Preprints
https://doi.org/10.5194/essd-2022-212
https://doi.org/10.5194/essd-2022-212
 
27 Jun 2022
27 Jun 2022
Status: a revised version of this preprint was accepted for the journal ESSD and is expected to appear here in due course.

Global climate-related predictors at kilometre resolution for the past and future

Philipp Brun1, Niklaus E. Zimmermann1, Chantal Hari1,2,3,4, Loïc Pellissier1,5, and Dirk N. Karger1 Philipp Brun et al.
  • 1Swiss Federal Research Institute WSL, 8903 Birmensdorf, Switzerland
  • 2Wyss Academy for Nature at the University of Bern, 3011 Bern, Switzerland
  • 3Climate and Environmental Physics, Physics Institute, University of Bern, 3012 Bern, Switzerland
  • 4Oeschger Centre for Climate Change Research, University of Bern, 3012 Bern, Switzerland
  • 5Landscape Ecology, Institute of Terrestrial Ecosystems, Department of Environmental System Science, ETH Zürich, 8092 Zürich, Switzerland

Abstract. A multitude of physical and biological processes on which ecosystems and human societies depend are governed by climatic conditions. Understanding how these processes are altered by climate change is central to mitigation efforts. Based on mechanistically downscaled climate data, we developed a set of climate-related variables at yet unprecedented spatiotemporal detail as a basis for environmental and ecological analyses. We created gridded data for near-surface relative humidity (hurs), cloud area fraction (clt), near-surface wind speed (sfcWind), vapour pressure deficit (vpd), surface downwelling shortwave radiation (rsds), potential evapotranspiration (pet), climate moisture index (cmi), and site water balance (swb), at a monthly temporal and 30 arcsec spatial resolution globally, from 1980 until 2018 (time-series variables). At the same spatial resolution, we further estimated climatological normals of frost change frequency (fcf), snow cover days (scd), potential net primary productivity (npp), growing degree days (gdd), and growing season characteristics for the periods 1981–2010, 2011–2040, 2041–2070, and 2071–2100, considering three shared socioeconomic pathways (SSP126, SSP370, SSP585) and five Earth system models (projected variables). Time-series variables showed high accuracy when validated against observations from meteorological stations. Projected variables were also highly correlated to observations, although some variables showed notable biases, e.g., snow cover days (scd). Together, the CHELSA-BIOCLIM+ data set presented here (https://doi.org/10.16904/envidat.332, Brun et al., 2022) allows improving our understanding of patterns and processes that are governed by climate, including the impact of recent and future climate changes on the world’s ecosystems and associated services to societies.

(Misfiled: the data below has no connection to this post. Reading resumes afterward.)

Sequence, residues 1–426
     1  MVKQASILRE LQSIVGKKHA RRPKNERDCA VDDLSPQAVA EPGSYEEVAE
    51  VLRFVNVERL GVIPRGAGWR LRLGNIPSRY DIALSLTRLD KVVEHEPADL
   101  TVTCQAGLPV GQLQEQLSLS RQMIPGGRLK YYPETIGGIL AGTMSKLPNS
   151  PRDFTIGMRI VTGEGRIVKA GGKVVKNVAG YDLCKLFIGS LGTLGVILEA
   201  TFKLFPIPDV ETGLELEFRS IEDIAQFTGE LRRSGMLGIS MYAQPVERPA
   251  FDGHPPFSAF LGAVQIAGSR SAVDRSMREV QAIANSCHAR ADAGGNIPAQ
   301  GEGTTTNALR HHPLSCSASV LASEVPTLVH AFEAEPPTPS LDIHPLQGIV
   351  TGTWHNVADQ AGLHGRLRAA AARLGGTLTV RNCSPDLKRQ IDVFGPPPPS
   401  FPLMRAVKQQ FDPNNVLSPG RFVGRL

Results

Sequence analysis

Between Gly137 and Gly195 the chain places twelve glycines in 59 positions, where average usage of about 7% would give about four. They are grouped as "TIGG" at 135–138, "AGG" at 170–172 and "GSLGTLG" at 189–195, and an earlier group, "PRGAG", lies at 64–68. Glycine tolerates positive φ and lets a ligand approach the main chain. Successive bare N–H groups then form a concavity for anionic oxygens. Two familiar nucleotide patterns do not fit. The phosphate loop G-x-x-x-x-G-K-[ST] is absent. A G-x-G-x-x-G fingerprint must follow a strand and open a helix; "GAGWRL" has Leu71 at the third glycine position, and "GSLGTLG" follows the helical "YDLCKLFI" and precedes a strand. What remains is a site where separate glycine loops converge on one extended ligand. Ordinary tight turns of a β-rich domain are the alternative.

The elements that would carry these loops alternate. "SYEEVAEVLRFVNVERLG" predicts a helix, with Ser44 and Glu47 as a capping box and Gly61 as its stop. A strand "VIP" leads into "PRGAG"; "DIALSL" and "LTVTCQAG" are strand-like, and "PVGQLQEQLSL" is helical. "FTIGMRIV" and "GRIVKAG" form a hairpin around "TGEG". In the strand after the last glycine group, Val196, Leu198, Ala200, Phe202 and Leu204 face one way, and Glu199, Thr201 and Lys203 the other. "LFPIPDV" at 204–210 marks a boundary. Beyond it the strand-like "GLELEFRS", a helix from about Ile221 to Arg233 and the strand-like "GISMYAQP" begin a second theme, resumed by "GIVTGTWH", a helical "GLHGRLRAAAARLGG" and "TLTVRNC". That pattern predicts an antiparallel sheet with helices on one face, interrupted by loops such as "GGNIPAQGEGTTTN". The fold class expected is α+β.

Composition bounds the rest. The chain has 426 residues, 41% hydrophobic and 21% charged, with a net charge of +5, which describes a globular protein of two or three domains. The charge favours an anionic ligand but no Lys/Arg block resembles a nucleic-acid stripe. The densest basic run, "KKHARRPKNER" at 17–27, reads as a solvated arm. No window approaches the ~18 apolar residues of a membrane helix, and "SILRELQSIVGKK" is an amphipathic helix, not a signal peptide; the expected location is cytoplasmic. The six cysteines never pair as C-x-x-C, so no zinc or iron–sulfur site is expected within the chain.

Philipp Brun et al.

Status: closed

Comment types: AC – author | RC – referee | CC – community | EC – editor | CEC – chief editor | : Report abuse
  • RC1: 'Comment on essd-2022-212', Anonymous Referee #1, 26 Jul 2022
  • RC2: 'Comment on essd-2022-212', Anonymous Referee #2, 30 Sep 2022
    • RC3: 'Reply on RC2', Anonymous Referee #2, 03 Oct 2022
  • AC1: 'Comment on essd-2022-212', Philipp Brun, 04 Nov 2022

Status: closed

Comment types: AC – author | RC – referee | CC – community | EC – editor | CEC – chief editor | : Report abuse
  • RC1: 'Comment on essd-2022-212', Anonymous Referee #1, 26 Jul 2022
  • RC2: 'Comment on essd-2022-212', Anonymous Referee #2, 30 Sep 2022
    • RC3: 'Reply on RC2', Anonymous Referee #2, 03 Oct 2022
  • AC1: 'Comment on essd-2022-212', Philipp Brun, 04 Nov 2022

Philipp Brun et al.

Data sets

CHELSA-BIOCLIM+ A novel set of global climate-related predictors at kilometre-resolution Philipp Brun, Niklaus E. Zimmermann, Chantal Hari, Loïc Pellissier, Dirk N. Karger https://doi.org/10.16904/envidat.332

Philipp Brun et al.

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Short summary
Using mechanistic downscaling, we developed CHELSA-BIOCLIM+, a set of 15 biologically relevant, climate-related variables at unprecedented resolution, as a basis for environmental analyses. It includes monthly time series for 38+ years and 30-year-averages for three future periods and three emission scenarios. Estimates matched well with station measurements, but few biases existed. The data allow for detailed assessments of climate-change impact on ecosystems and their services to societies.